As a native west coaster, I am ordained by birth to love Sunset Magazine. My mom subscribed to it when I was a kid and over the years, I’ve build up quite an archive of vintage cookbooks published by the Sunset empire (Cooking Bold and Fearless, for instances). The One-Block Feast is the latest volume to issue forth from Sunset and is dedicated to food editor Margo True’s project – to produce delicious meals only using the foods grown in the yard at Sunset HQ. I followed much of the project last year via their blog and loved both the concept and the execution.
What makes this book so fabulous is that it isn’t just documenting the process. It gets into the nitty gritty and gives readers the tools to tackle all the same projects as the One-Block team took on. And while I don’t have the space for chickens, I plan on using the guidelines offered here to finally turn some of the crappy wine I have squirreled away into useful vinegar.
There are some cookbooks that are clearly designed to be used regularly and there are some that are more aspirational in natural. While I am totally smitten by River Cottage Every Day, I’m a bit afraid that it falls more into the aspirational category than the regular utility one for me (remember, this is just my opinion. Cooking styles vary widely, so it might work differently in your life). That’s not to say that there aren’t a few recipes I will try (hello Cauliflower Cheese on page 322), but many of the recipes are too far outside of my culinary dialect for daily use.
All that said, I don’t actually think there’s anything wrong with an aspirational book. This volume has rapidly become my go-to escapist fare, the thing I turn to when the pressures of my regular life get a bit intense and I just want to imagine a life lived in the English countryside, where gooseberries grow like weeds and there’s always time for a four hour braise. But it’s not going to be as useful as the Every Day title implies.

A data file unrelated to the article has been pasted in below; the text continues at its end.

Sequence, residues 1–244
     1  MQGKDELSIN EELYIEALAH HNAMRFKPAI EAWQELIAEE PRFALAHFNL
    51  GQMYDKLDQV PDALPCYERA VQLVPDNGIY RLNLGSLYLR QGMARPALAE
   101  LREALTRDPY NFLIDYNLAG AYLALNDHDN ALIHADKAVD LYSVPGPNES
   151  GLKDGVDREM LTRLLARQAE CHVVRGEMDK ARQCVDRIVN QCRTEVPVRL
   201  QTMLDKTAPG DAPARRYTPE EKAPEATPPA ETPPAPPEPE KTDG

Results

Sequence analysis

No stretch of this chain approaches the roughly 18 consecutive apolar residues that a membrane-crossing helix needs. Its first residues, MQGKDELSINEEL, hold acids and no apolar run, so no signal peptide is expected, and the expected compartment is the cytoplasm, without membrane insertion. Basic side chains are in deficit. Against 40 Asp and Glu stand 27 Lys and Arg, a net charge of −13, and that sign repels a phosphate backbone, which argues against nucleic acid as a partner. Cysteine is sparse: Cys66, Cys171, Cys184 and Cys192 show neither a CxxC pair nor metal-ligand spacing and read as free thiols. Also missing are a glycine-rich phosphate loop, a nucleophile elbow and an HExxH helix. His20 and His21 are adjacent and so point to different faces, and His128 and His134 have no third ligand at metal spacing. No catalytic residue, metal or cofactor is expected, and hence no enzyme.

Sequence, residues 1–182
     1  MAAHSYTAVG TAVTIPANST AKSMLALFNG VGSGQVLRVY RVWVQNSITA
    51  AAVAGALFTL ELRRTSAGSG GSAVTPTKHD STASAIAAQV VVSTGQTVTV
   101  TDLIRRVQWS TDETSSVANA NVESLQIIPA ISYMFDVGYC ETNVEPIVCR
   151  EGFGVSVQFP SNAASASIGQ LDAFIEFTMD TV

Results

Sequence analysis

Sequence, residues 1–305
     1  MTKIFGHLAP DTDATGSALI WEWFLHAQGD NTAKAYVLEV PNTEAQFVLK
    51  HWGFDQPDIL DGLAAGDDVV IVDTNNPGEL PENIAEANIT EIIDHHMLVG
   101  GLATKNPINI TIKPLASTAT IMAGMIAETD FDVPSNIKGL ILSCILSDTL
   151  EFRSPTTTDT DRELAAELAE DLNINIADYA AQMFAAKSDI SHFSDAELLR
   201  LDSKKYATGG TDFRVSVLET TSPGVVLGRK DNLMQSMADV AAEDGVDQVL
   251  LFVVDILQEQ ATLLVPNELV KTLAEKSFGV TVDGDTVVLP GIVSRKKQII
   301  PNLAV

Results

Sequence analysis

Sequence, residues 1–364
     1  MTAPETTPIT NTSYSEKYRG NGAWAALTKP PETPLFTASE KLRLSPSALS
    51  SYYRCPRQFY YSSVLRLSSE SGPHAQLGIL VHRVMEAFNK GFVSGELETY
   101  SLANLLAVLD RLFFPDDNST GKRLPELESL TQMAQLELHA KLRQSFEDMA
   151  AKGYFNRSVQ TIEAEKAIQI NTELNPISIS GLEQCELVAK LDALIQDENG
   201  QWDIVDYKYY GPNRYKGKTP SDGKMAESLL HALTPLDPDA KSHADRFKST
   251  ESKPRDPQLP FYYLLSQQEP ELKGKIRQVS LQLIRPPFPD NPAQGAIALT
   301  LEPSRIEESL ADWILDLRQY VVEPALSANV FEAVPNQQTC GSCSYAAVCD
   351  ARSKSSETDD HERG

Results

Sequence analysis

You don’t have to be a country girl (or boy) to want to crawl right inside the pages of Heartland. Written by Judith Fertig, this huge book is appropriate for both coffee table displaying and trips to the kitchen. It offers good reminders that the artisanal food revolution isn’t just happening along the coasts. I am desperate to make the Popcorn with Smoked Gouda on page 120.
The Complete Kitchen Garden is a book that does just what it says it’s going to do. It walks you through the steps necessary to plant and maintain a thriving garden and then shows you what to do with your bounty. However, if you’re like me and don’t have any outdoor space, don’t write this one off. It also contains 100 recipes that are the perfect thing for those heady days of mid-summer and early fall. I am already looking forward to making the Roasted Fall Vegetable Tart on page 118.
Now, because no cookbook post would be complete without a giveaway, here’s the deal. I have one copy of the The Complete Kitchen Garden to give away to a lucky reader. Leave a comment and tell me what your current favorite cookbook is by Monday, April 11 at 11:59 p.m. I’ll close the comments at that time and use random.org to select a winner.
And now, the disclaimers. All books included in this post were sent to me as free review copies. However, I chose which books to include in this round-up and all opinions expressed herein are mine. The links embedded in this post are Amazon affiliate links. I earn a few pennies each time you click, which occasionally adds up to enough money to buy a few new jars. If you click through and buy something, I earn a tiny bit more, which gets invested in produce, vinegar and sugar (we’re living high around here!) If clicking these links makes you feel squidgy, feel free to skip ’em and find the books another way. Thanks!